Neither fundamentalism nor functionalism offer a way forward for the churches today in terms of their public witness and political engagement, says Simon Barrow. The different stances taken by church bodies in the 2010 general election suggest important lessons for the future.
What kind of 'narrative' is the new post-election, post-budget coalition government trying to create, asks Simon Barrow, and what is its ratio of substance to spin, of new politics to old-fashioned collusion? Moreover, how will Labour and extra-parliamentary activists who question the underlying Westminster consensus respond?
As the new coalition government settles down, it is important to see past the hype and fear to the real issues of power, says Jill Segger. Asking tough questions of the powerful remains especially important in this new situation, with warning signs and signs of hope both in evidence.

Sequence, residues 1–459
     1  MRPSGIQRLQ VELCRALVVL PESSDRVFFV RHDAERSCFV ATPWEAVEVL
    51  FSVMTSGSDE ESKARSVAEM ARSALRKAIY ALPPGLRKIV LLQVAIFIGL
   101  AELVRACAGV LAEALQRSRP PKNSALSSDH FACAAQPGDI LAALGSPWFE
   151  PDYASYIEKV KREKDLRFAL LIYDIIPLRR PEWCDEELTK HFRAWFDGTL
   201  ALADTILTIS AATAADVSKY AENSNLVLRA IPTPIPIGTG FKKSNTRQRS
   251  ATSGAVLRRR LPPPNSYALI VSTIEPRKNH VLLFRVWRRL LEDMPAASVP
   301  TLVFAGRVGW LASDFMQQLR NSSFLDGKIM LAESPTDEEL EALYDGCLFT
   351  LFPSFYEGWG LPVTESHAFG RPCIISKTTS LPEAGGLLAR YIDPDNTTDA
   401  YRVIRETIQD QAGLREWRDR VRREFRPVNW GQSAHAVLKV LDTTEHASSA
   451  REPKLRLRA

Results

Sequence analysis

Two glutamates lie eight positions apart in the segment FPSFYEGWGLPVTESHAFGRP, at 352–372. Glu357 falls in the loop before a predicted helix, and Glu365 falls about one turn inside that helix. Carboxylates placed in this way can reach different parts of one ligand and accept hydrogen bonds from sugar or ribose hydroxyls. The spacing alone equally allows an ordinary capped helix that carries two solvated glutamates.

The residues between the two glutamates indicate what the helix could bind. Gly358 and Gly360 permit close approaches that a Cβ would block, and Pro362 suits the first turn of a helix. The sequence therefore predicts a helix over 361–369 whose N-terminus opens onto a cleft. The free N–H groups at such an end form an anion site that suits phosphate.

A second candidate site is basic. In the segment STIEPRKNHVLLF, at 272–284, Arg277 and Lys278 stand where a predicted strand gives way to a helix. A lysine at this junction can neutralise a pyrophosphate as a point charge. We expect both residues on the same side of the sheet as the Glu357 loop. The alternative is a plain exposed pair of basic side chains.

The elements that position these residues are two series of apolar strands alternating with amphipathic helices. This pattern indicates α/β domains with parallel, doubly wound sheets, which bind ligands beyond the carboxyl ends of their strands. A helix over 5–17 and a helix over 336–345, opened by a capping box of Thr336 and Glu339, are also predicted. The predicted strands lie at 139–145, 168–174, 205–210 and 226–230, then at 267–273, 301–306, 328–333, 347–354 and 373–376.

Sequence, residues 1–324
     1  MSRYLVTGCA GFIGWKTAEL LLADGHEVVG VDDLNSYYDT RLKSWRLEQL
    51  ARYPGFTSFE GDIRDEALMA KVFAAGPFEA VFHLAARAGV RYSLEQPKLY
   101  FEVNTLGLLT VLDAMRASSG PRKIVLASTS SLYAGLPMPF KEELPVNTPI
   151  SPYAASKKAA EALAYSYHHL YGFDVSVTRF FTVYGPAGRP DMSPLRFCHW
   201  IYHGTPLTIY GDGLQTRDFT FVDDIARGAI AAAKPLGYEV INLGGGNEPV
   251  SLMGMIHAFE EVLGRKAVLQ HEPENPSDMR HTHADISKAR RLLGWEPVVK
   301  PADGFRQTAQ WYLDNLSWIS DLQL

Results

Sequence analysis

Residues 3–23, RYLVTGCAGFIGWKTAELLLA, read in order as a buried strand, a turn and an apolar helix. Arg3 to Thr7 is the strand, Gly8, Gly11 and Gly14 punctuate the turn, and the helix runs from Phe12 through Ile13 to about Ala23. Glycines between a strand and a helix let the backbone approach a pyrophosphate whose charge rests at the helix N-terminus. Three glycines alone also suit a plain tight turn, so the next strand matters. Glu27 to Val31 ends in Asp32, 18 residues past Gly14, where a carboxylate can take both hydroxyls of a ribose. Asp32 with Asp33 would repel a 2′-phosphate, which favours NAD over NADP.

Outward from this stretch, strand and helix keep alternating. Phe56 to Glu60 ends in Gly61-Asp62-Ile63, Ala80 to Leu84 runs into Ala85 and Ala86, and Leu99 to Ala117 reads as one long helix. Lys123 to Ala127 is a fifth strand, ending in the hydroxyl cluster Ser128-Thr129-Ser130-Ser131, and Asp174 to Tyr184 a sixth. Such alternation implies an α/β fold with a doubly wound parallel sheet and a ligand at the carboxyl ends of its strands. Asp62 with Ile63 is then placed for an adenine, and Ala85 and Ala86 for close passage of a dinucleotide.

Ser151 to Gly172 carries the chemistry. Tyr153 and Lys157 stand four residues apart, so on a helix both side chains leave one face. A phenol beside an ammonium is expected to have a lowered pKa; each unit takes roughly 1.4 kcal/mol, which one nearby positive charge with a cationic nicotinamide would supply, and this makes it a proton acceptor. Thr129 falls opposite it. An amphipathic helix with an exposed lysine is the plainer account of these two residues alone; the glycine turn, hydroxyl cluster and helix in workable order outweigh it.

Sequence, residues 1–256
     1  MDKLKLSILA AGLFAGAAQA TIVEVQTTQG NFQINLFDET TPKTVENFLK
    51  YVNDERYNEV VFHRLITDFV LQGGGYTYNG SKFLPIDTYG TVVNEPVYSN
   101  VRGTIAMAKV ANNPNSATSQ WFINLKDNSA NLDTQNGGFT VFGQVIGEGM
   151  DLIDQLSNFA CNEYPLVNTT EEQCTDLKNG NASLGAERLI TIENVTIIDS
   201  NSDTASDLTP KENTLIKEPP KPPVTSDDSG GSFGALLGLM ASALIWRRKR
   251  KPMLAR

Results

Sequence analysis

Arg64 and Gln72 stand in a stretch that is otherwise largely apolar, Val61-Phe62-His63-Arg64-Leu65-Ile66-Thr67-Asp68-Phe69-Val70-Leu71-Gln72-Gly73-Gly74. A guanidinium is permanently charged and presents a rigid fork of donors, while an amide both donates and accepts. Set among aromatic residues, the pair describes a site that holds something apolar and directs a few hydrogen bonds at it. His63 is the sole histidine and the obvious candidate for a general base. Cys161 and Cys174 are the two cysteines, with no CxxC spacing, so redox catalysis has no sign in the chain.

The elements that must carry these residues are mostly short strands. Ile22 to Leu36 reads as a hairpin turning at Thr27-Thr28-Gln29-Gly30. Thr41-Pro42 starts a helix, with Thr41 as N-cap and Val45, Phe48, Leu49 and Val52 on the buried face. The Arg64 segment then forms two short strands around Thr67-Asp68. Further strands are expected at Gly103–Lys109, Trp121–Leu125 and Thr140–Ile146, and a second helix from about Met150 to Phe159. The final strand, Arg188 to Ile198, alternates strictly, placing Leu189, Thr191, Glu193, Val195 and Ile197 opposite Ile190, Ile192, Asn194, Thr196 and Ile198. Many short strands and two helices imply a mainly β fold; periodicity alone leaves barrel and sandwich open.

And so it begins. After weeks of election fever, the solid and well-oiled wheels of government have been set in motion: the big jobs have been meted out and the policy compromises of the coalition are being aired.
Last week the British public did something extraordinary. With millions of different views and motivations, we managed to vote in such a way as to deliver a hung parliament, driving the first wedge in the door of a system that has for too long kept most politicians far removed from democratic accountability.